According to students, PCS Logo interpretation takes a conservative turn How teams are reacting in response to stricter logo enforcement

Jason Zheng, Editor

IMG_7855All across PCS, student clubs, sports teams and other student-based organizations are questioning the current PCS logo policy, citing its allegedly strict enforcement and creatively stifling nature. The policy, which was first enacted 3 years ago in an attempt to standardize the then chaotic “hodgepodge” of club and sport logos, states that PCS clubs and teams’ logos must primarily depict the trademarked PCS logos—for academics, this is the beloved blue wheel; for sports, this is the Ward puma head (the black and yellow square PCS puma). Any departure from either of the logos is seen as a deviation from the registered school trademarks and thus does not comply with the current logo policy. In this, students and staff/ board members agree.

What they disagree on is the enforcement of the policy.

According to junior Galen Sloss, the PCS soccer team captain, “the interpretation of the policy was drastically changed this year.”

“The tightening of the rules is frustrating,” said senior Gabe Ares, PCS Lacrosse team captain. “It’s taking away an aspect of the school that we all really want.”

In their appeal to the board, Galen Sloss and Gabe Ares argued that logo enforcement has intensified over the past five years. The policy, which prohibits the use of any non-Ward puma logos is now interpreted to prohibit the depiction of any student-created logos with pumas.

For the lacrosse team, this means some previously approved logo designs are now deemed against the logo policy.

“The design on the Lacrosse bag was approved every year [until this year],” said Sloss. “The design has not changed.”

For others, such as Student Government and the Girl’s Volleyball team, this means a limitation of design options.

“We want dynamic designs and the PCS Ward design just doesn’t have that,” said Ares. “We want to create an athletic logo to represent our team, and we want to tie that together with the school.”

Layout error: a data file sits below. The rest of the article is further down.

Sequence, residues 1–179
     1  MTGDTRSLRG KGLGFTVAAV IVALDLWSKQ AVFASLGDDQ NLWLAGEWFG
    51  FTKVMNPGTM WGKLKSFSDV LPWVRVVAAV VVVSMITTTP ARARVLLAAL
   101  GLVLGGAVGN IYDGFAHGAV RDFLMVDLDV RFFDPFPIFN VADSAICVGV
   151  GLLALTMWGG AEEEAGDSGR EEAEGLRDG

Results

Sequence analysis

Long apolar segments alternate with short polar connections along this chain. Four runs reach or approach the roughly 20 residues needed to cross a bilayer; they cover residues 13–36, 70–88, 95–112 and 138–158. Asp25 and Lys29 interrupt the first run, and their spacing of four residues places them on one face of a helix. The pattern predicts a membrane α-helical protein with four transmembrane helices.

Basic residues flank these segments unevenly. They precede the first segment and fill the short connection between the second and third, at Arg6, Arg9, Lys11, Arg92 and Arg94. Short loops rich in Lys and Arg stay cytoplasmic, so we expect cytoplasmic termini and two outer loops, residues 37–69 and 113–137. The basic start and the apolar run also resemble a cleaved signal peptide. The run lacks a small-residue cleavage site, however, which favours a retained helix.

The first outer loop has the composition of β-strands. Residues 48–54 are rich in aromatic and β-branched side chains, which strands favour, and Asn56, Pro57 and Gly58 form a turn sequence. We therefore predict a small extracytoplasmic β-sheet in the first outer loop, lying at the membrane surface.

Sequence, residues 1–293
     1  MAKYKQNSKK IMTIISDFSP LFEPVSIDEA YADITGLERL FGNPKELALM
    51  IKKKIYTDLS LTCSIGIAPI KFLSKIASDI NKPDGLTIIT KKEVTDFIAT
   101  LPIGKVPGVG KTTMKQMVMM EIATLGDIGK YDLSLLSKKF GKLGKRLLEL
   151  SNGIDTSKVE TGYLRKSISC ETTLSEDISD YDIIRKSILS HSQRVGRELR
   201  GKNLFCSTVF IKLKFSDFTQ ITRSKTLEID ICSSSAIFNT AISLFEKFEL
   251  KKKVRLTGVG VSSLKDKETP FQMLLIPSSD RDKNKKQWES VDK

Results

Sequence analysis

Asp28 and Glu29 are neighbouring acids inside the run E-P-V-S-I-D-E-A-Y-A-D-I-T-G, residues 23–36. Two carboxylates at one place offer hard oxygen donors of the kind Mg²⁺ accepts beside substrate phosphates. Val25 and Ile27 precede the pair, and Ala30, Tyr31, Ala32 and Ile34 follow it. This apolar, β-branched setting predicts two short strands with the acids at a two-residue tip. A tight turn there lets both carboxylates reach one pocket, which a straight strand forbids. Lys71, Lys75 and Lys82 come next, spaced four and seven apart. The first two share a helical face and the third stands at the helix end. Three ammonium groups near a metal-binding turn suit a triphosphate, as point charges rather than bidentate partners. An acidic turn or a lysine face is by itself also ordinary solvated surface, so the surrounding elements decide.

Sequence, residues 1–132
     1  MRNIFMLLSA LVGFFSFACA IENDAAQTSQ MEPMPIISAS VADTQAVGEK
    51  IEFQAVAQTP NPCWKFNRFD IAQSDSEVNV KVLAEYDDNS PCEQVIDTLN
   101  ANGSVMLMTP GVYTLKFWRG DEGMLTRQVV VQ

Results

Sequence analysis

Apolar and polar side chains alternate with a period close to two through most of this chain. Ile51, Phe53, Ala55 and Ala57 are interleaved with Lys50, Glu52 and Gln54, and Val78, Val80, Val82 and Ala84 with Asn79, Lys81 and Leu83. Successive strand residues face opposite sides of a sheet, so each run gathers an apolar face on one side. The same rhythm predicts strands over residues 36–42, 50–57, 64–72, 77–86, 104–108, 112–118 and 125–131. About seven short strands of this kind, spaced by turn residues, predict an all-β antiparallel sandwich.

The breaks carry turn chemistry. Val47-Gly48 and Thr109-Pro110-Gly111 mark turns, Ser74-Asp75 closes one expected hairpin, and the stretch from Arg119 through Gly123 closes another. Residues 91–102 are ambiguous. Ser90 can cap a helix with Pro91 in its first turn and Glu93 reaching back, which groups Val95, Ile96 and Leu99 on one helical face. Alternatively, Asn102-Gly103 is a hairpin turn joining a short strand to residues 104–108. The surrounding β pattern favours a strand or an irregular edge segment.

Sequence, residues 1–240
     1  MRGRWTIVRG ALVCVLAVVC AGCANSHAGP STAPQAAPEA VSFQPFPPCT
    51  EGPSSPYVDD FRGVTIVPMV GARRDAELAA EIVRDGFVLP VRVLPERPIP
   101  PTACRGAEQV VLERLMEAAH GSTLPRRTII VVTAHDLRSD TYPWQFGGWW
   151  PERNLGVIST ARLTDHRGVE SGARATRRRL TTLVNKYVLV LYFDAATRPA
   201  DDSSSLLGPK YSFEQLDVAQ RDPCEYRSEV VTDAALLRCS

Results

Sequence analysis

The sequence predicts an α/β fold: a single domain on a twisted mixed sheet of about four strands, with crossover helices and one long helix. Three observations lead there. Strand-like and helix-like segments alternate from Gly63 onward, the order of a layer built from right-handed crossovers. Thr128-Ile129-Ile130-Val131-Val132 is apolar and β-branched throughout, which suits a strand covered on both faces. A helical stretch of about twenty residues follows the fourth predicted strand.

“I think that having a unique logo is like an important aspect about being on teams and clubs and taking that away is like taking away our individuality,” said junior Jen Leonard, the girls volleyball captain. “Taking it away diminishes our excitement about the teams and sports and makes us reflect negatively on the school on a whole.”

“The problem is that the only logo you can use is this one blocky face—the facial view of the puma and thats not very adaptable to many athletic uniforms or the student government sweatshirt,” noted senior Kamyab Mashian, head of the student government Culture committee. “It just doesn’t work well and there are other designs that work well.”

Whether or not the policy is actually becoming more strict, disgruntled students are deciding to print spirit wear without PCS affiliation.

“Consistency is not as important as expression,” said Mashian. “It’s an over restrictive policy that is driving people like student government to print shirts without PCS. It’s leading a lot of people to disassociate with PCS.”

“PCS is moving from a small home-grown project to a corporation, an institution,” said Ares. “We feel like it [the logo policy] goes against the primary ideas of PCS.”

Despite a continuing number of student logo rejections, the board has made clear its desire to work with the students in the future.

“I want to commend you for being self-activists,” said PCS board member Connie Smith. “Your presentation has prompted us to thoroughly examine the logo policy at the next board meeting”